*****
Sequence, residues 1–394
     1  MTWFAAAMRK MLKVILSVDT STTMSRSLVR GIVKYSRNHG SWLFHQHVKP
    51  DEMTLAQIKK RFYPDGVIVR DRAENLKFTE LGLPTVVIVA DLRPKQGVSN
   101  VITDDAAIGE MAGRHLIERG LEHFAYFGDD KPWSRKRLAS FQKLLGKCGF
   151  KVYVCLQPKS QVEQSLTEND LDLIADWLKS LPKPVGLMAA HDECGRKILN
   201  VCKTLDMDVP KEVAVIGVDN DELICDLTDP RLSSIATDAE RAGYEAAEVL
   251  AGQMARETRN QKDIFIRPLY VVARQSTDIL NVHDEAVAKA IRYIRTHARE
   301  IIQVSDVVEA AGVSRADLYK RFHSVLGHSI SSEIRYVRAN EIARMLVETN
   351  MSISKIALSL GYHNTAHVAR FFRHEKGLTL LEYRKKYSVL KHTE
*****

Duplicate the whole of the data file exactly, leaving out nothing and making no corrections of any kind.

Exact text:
Sequence, residues 1–394
     1  MTWFAAAMRK MLKVILSVDT STTMSRSLVR GIVKYSRNHG SWLFHQHVKP
    51  DEMTLAQIKK RFYPDGVIVR DRAENLKFTE LGLPTVVIVA DLRPKQGVSN
   101  VITDDAAIGE MAGRHLIERG LEHFAYFGDD KPWSRKRLAS FQKLLGKCGF
   151  KVYVCLQPKS QVEQSLTEND LDLIADWLKS LPKPVGLMAA HDECGRKILN
   201  VCKTLDMDVP KEVAVIGVDN DELICDLTDP RLSSIATDAE RAGYEAAEVL
   251  AGQMARETRN QKDIFIRPLY VVARQSTDIL NVHDEAVAKA IRYIRTHARE
   301  IIQVSDVVEA AGVSRADLYK RFHSVLGHSI SSEIRYVRAN EIARMLVETN
   351  MSISKIALSL GYHNTAHVAR FFRHEKGLTL LEYRKKYSVL KHTE